Multilectual Daily Online Magazine focusing on World Architecture, Travel, Photography, Interior Design, Vintage and Contemporary Fiction, Political cartoons, Craft Beer, All things Espresso, International coffee/ cafe's, occasional centrist politics and San Diego's Historic North Park by award-winning journalist Tom Shess
Thursday, April 5, 2012
DIAMONDS ARE A KID’S BEST FRIEND
OPENING DAY—Today is the first day of the 2012 major league baseball season. Padres play the dreaded Dodgers at Petco Park tonight. But, let’s go back to 1957 when the minor league San Diego Padres were the hot ticket. ‘Fifty-seven was a busy year for baseball aficionados of all ages. It was a year the fans more often wore fedoras instead of baseball caps and many women attended opening day games at Lane Field in coats, skirts and heels.
And, at the end of 1957, the minor league San Diego Padres abandoned the 5,000-person ballyard at the foot of Broadway for greener pastures to play in Westgate Park (now the northeast corner of Fashion Valley mall). It was the year La Mesa 12-year-olds produced the first Little League team from the County to win the national title at the Little League World Series in Williamsport, PA. And in April, 1957, another bunch of school kids played hooky from school and paid 50 cents to sit in the right field bleachers on opening day.
Back then the hero of bleacher bunch hero was Earl Rapp, who hit 24 homers in 1953 and 1954. His last year in San Diego would be 1957. Every time Earl would come to the plate we all crossed our fingers that he’d hit one foul toward us or better yet smack a home run over the right field wall into Pacific Coast Highway (PCH).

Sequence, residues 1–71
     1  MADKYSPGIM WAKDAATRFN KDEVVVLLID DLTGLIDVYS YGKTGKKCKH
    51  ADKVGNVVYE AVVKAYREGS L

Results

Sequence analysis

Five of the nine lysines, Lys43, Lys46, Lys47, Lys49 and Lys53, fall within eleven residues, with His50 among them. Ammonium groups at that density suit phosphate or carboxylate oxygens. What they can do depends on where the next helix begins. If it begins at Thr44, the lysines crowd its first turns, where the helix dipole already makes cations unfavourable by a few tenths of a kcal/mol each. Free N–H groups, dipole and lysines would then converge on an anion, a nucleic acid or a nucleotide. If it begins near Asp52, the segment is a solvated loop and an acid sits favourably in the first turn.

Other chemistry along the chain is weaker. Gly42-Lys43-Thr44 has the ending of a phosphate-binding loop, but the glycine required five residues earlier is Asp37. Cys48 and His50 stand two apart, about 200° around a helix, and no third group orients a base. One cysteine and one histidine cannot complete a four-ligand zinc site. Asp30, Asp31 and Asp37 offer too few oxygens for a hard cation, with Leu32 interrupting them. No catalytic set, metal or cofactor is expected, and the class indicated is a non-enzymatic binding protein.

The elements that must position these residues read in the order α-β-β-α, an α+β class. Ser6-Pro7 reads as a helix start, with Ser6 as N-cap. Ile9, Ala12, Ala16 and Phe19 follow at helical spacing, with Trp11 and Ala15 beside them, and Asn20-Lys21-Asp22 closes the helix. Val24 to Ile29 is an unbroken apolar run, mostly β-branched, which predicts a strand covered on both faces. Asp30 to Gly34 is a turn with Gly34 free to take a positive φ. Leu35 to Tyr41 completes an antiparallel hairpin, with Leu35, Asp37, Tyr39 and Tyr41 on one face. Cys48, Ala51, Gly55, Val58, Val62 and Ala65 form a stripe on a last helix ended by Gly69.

Souvenir ball chasers not in the bleachers, most likely were outside Lane Field on the east side of PCH. The kids knew a ball flying out of the park would often clear four-lanes of traffic causing a scramble amid the tracks of nearby Santa Fe Depot.
Lore has it that a Padres home run, reportedly stroked by the venerable Luke Easter, landed in a passing train and the ball ended up in Los Angeles becoming the longest homer ever hit.
Lane Field was built downtown in 1936 for the Padres, who called it home through 1957 when the team moved into Westgate Park. By 1969, Westgate gave way to San Diego Stadium when the Padres joined the Major Leagues. Later named Jack Murphy then Qualcomm, the stadium was home to two World Series 1984 and 1998 before the team moved to Petco Park for opening day 2004.
Source: This article appeared first in San Diego Home/Garden Lifestyles Magazine, April, 2012. By Thomas Shess.
Image: Opening Day 1957, Lane Field from the archives of the San Diego History Center.
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